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This chapter is from the book

Developing the Mailing Mechanism

With the subscription mechanism in place, you can create a basic form interface for a script that takes the content of your form and sends it to every address in your subscribers table. This is another one of those all-in-one scripts, called sendmymail.php, and it is shown in Listing 19.3.

Listing 19.3 Send Mail to Your List of Subscribers

1: <?php
2: include 'ch19_include.php';
3: if (!$_POST) {
4:      //haven't seen the form, so display it
5:      $display_block = <<<END_OF_BLOCK
6:      <form method="POST" action="$_SERVER[PHP_SELF]">
7:
8:      <p><label for="subject">Subject:</label><br/>
9:      <input type="text" id="subject" name="subject" size="40" /></p>
10:
11:     <p><label for="message">Mail Body:</label><br/>
12:     <textarea id="message" name="message" cols="50"   rows="10"></textarea></p>
13:     <button type="submit" name="submit" value="submit">Submit</button>
14:     </form>
15: END_OF_BLOCK;
16: } else if ($_POST) {
17:     //want to send form, so check for required fields
18:     if (($_POST['subject'] == "") || ($_POST['message'] == "")) {
19:          header("Location: sendmymail.php");
20:          exit;
21:     }
22:
23:     //connect to database
24:     doDB();
25:
26:     if (mysqli_connect_errno()) {
27:          //if connection fails, stop script execution
28:          printf("Connect failed: %s\n", mysqli_connect_error());
29:          exit();
30:     } else {
31:          //otherwise, get emails from subscribers list
32:          $sql = "SELECT email FROM subscribers";
33:          $result = mysqli_query($mysqli, $sql)
34:                   or die(mysqli_error($mysqli));
35:
36:          //create a From: mailheader
37:          $mailheaders = "From: Your Mailing List
38:              <you@yourdomain.com>";
39:          //loop through results and send mail
40:          while ($row = mysqli_fetch_array($result)) {
41:              set_time_limit(0);
42:              $email = $row['email'];
43:              mail("$email", stripslashes($_POST['subject']),
44:                   stripslashes($_POST['message']), $mailheaders);
45:              $display_block .= "newsletter sent to: ".$email."<br/>";
46:          }
47:          mysqli_free_result($result);
48:          mysqli_close($mysqli);
49:     }
50: }
51: ?>
52: <!DOCTYPE html>
53: <html>
54: <head>
55: <title>Sending a Newsletter</title>
56: </head>
57: <body>
58: <h1>Send a Newsletter</h1>
59: <?php echo $display_block; ?>
60: </body>
61: </html>

As in Listing 19.2, the file of user-defined functions is included on line 2. Although only the database connection function is used in this file, there’s no harm in having the other function in the file, as well.

The main logic of the script starts at line 3, where you determine whether the user has seen the form yet. If the presence of the $_POST variable is false, you know the user has not submitted the form; therefore, you must show the form.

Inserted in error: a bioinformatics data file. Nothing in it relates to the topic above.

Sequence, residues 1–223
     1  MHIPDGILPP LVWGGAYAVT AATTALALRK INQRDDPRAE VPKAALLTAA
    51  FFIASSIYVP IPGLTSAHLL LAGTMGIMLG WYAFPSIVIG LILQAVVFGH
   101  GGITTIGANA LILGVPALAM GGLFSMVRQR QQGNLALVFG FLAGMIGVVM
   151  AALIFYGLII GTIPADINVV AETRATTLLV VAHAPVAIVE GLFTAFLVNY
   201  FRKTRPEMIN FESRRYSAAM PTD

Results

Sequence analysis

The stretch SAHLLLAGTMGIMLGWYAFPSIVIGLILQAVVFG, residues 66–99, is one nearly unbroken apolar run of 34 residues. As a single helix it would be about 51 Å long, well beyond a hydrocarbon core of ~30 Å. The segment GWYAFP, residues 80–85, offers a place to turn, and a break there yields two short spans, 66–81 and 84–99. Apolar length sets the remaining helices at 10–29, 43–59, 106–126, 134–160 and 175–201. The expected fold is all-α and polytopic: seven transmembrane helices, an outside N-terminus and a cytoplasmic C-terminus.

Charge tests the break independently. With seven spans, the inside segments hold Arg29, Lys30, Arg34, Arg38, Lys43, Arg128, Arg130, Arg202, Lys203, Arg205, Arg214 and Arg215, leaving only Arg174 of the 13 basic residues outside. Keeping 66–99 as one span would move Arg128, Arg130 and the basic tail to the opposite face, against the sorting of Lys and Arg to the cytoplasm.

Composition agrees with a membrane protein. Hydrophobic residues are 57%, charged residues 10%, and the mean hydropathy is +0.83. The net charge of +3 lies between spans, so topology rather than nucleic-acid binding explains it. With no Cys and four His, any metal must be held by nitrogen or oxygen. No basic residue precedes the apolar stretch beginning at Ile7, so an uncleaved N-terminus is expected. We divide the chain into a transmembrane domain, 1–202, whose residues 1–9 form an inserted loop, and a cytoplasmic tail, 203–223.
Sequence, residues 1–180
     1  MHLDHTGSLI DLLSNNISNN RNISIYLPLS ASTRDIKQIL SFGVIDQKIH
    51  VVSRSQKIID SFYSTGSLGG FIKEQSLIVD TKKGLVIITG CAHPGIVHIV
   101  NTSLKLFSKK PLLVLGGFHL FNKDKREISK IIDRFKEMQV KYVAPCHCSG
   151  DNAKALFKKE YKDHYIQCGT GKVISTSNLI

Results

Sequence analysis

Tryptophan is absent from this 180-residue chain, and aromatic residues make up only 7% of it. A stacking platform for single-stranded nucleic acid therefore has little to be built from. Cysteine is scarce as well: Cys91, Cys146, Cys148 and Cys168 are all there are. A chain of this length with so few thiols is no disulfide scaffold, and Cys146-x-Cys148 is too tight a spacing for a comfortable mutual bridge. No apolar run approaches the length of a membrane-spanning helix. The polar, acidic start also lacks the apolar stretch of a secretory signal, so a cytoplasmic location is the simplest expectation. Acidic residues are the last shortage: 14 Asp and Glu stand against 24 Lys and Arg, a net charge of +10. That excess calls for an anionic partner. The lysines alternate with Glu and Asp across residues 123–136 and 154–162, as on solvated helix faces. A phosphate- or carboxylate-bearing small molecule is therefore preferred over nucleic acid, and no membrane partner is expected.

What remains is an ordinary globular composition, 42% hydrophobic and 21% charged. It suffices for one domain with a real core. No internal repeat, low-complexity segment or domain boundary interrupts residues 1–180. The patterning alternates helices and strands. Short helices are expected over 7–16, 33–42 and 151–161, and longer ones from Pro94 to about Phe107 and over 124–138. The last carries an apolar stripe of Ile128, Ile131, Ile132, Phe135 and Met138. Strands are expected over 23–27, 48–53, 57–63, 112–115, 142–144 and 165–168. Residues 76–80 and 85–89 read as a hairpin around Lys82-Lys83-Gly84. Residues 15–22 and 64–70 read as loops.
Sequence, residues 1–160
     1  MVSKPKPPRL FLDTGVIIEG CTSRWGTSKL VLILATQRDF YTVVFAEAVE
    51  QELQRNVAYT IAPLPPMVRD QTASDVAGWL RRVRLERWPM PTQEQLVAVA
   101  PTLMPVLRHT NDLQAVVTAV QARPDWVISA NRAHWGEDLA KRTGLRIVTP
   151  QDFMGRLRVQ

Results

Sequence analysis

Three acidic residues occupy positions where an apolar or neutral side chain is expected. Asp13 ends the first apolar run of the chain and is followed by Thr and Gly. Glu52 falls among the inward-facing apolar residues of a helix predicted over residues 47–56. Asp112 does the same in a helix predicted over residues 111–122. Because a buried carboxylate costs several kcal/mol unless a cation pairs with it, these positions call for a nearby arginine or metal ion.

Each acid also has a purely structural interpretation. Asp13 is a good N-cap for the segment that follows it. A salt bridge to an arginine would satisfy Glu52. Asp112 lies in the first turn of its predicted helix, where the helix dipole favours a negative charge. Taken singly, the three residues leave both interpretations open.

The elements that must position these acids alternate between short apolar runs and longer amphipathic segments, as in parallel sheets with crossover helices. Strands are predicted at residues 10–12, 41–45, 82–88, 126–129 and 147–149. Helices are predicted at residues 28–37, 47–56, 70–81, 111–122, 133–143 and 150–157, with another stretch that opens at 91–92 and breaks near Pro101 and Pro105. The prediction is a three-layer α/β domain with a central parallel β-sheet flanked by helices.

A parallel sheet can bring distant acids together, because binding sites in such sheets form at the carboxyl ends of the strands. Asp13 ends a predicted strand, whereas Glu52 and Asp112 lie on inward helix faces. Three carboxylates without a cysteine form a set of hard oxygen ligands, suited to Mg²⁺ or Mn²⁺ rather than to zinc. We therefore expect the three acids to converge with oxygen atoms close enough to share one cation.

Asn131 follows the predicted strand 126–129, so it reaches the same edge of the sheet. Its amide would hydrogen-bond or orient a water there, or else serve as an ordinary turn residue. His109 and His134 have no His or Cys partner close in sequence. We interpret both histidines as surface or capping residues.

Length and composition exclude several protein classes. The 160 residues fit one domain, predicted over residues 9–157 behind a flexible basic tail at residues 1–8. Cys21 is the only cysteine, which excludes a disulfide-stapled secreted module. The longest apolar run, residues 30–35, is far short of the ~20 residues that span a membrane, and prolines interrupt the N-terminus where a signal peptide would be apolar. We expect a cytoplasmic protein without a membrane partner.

Lines 5–15 create the form for sending the newsletter to your subscriber list, which uses $_SERVER[PHP_SELF] as the action (line 6), creates a text field called subject for the subject of the mail, and creates a textarea called message for the body of the mail to be sent.

At this point, the script breaks out of the if...else construct, and the HTML is printed. The form displays as shown in Figure 19.6.

Figure 19.6

Figure 19.6 Form for sending the bulk mail.

If the presence of $_POST is not false, the script should send the form to the email addresses in the subscribers table. Before sending the message, you must check for the two required items from the form in lines 18–20: $_POST['subject'] and $_POST['message']. If either of these items is not present, redirect the user to the form again.

If the required items are present, the script moves on to line 24, which calls the database connection function. A query is issued in line 33, which grabs all the email addresses from the subscribers table. There is no order to these results, although you could throw an order by clause in there if you want to send them out in alphabetic order for whatever reason.

Lines 37–38 create a From: mail header, which is used inside the upcoming while loop, when the mail is sent. This header ensures that the mail looks like it is from a person and not a machine because you’ve specifically provided a value in this string. The while loop, which begins on line 40, extracts the email addresses from the resultset one at a time. On line 41, you use the set_time_limit() function to set the time limit to 0, or “no limit.” Doing so allows the script to run for as long as it needs to.

In lines 43–44, the mail is sent using the mail() function, inserting the values from the form where appropriate. Line 45 adds to a string that is later printed to the screen, which shows to whom the mail was sent. Figures 19.7 and 19.8 show the outcome of the script.

Figure 19.7

Figure 19.7 Mail has been sent!

Figure 19.8

Figure 19.8 The mail arrived safely.

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